Kash’s Corner: Putin’s Sleight of Hand in Ukraine; Durham Probe Forges Ahead
“He’s taking advantage of a weakened United States national security position.”
What is Vladamir Putin’s real goal in escalating threats of war with Ukraine? Is it a sleight of hand?
And what new revelations are in special counsel John Durham’s recent court filing?
We discuss on Kash’s Corner.
Kash Patel: Hey, everybody. And welcome back to Kash’s Corner.
Jan Jekielek: So Kash, some pretty heavy material we’re going to talk about today. First off, I think everybody now knows I’m Polish.
Mr. Patel: Well, I now know.
Mr. Jekielek: Well, and a lot of Pols are very worried right now, frankly. Is there going to be war in Eastern and Central Europe? Is Russia going to war? Or is it just some kind of play by Putin to consolidate some power, get some concessions? I’ve seen some pretty varied takes on this at the moment. But also, just the other day, Durham’s back with the new pleading, and it looks really interesting. We’re going to have to get your take on that too.
Mr. Patel: Everyone knows, obviously, I’m a former federal prosecutor, so I tend to geek out on all things John Durham. Maybe our viewership will give me a pass on that and allow us to delve into it later on in the show.
Mr. Jekielek: Okay. So here’s the thing. Poland, we’re used to being run over by Russia. We’ve been under Soviet occupation for many years prior to 1989. There’s a genuine fear and concern that Russia could be making moves on Ukraine. And if it’s Ukraine, it could be Poland. Anyway, big question. You’ve been out there talking about this a little bit, but let’s dive deeper.
Mr. Patel: Okay, let’s set the table. I think people get a lot of terms thrown out there, NATO and all this stuff, Western European alliances and America. Ukraine is not a member of NATO.
NATO happens to be basically, in essence, the largest conglomeration of Western superpowers that have come together to make a treaty, an agreement in international terms that they will basically defend one another should there be aggression or conflict against one of the NATO partners. There’s also a lot of economic value, trade value, and things that go into NATO, but for our purposes, I just want to set the stage.
The other thing I want to remind people is, people think is Ukraine, Russia, just something that happened last week? They’ve been fighting in one form or another for the last eight years; that is, the Ukraine and the Russians. That’s a long time, especially in modern history, to be in a conflict with another. Two civilized nations are at, literally, I don’t want to say war. But physically fighting, shooting, killing each other for the last eight years. So it’s been an ongoing issue in that region.
Putin has made advancements into the sovereignty of Ukraine before. During the Obama administration, everybody remembers what happened in Crimea, which is that peninsula that sticks out in the Black Sea that’s part of the Ukraine, but Russia thought it was part of Russia. So there was all that.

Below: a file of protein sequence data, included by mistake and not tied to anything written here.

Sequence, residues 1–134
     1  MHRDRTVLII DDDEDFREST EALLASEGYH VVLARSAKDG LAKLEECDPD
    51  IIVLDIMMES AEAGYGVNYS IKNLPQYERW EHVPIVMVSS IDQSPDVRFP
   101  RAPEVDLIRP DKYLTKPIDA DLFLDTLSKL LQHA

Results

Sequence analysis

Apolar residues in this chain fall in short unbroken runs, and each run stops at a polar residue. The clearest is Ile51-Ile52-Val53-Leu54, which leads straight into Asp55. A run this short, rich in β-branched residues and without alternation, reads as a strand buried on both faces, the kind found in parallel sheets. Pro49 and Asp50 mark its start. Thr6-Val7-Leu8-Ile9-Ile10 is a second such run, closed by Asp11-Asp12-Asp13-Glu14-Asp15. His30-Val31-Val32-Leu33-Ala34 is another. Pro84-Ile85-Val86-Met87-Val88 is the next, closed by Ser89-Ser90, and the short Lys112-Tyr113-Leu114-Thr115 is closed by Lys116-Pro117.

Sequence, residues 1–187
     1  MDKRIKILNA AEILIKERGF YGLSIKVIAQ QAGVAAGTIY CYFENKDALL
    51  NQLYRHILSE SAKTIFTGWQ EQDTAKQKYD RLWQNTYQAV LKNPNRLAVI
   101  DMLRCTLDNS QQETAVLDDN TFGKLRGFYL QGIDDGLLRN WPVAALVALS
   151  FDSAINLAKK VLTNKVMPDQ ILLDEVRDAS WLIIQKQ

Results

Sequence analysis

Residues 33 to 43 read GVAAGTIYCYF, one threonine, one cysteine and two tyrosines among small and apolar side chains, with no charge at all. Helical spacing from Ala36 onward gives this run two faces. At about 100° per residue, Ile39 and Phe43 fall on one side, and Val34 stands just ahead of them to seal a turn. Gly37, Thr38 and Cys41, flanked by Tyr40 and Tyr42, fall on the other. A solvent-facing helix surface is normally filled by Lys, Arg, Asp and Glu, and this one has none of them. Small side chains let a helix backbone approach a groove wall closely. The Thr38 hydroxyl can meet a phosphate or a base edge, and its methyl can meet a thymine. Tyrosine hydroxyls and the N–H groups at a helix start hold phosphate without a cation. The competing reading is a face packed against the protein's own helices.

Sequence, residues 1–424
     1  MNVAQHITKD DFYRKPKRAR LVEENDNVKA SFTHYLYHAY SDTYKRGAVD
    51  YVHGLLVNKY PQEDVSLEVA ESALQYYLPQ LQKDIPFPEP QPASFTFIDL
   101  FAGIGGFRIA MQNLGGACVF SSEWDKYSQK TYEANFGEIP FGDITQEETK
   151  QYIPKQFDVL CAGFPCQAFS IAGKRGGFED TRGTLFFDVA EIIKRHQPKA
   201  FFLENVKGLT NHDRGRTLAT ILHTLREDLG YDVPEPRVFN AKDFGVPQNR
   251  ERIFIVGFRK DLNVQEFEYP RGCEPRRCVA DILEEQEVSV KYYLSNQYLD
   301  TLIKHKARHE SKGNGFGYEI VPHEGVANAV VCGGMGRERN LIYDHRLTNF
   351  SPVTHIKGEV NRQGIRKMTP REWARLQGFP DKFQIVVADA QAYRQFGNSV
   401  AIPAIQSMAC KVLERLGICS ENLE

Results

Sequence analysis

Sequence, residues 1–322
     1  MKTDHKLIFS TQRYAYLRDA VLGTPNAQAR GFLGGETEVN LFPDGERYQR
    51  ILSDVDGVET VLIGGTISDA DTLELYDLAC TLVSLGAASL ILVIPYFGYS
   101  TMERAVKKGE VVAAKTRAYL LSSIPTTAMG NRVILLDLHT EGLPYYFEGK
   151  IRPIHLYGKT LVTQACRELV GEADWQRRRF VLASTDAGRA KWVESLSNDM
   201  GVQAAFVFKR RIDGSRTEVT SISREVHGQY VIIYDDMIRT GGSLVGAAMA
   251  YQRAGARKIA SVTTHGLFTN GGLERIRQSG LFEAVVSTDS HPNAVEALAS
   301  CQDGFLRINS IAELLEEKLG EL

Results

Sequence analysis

We won’t get too much into that, except that one difference I want to highlight is that many people in Crimea requested Putin to annex Crimea into Russia. Not all of them, but many did. That’s a little bit of a different situation that we have today with the Ukraine.
Mr. Jekielek: Well, there’s this sizable Russian population in there, that is true. But essentially what happened, you’re right. There’s a lot of nuance; we could talk about the activity. How Russia was involved in creating that situation is certainly the analyses that I’ve read. But I mean, the bottom line is that not too long ago, Putin did take over Crimea, and with essentially no pushback. I mean, no meaningful pushback. It’s become the status quo and unquestioned.
Mr. Patel: No, you’re right. And yes, we’ll leave Crimea off for another day. But I just wanted to set the historical context, that Putin’s been doing something like this. But there is a difference, at least in my mind, and I’ll explain why later. I’m not saying it was right for Putin to go in and take Crimea. I’m just saying a large portion of that populous asked him to do so, which is slightly different from the Ukraine situation we have today.
But in Putin’s mind, and he said this publicly. He, Putin, the head of the Russian Federation, has always thought all of Ukraine should be in Russia. He’s made no bones about keeping that quiet.
So the Ukrainians and the Ukrainian government have, since the fall of the Soviet Union, disagreed with that position. They think, and rightfully so, that they have their own sovereign nation. That is the Ukraine, and it is not subject to Russian ascension or Russian rule. So those are the two sides.
Enter NATO, again, that we talked about earlier. Putin has said he does not want the Ukraine to become a member of NATO. Why is that such a big deal? It is a huge deal for any Western European ally to be a member of NATO. Because once you’re a member of NATO, you are allies and partners with the United States of America by international law. And not just us, but Great Britain, Canada, Germany, Spain, France, these places.
It’s a big deal to get into NATO. And to offer a vignette, I remember when Montenegro—most people don’t even know where Montenegro is in the Balkans—joined NATO. It was during the Trump administration. I was actually over there doing work on the intel side of things. It was a really big celebration because what entering NATO does is it opens up trade and economic value that you can’t get unless you’re in.
But what it also does is, and this is the important kicker, there’s this whole thing called Article Five, NATO. Not to get down into the weeds, but basically it says if a NATO member is attacked by someone else, and they say we are being attacked, all other NATO members, per the agreement, have to come in and defend that country that’s under attack, under NATO. That’s why it’s also critical to a defense of a nation to be a member of NATO.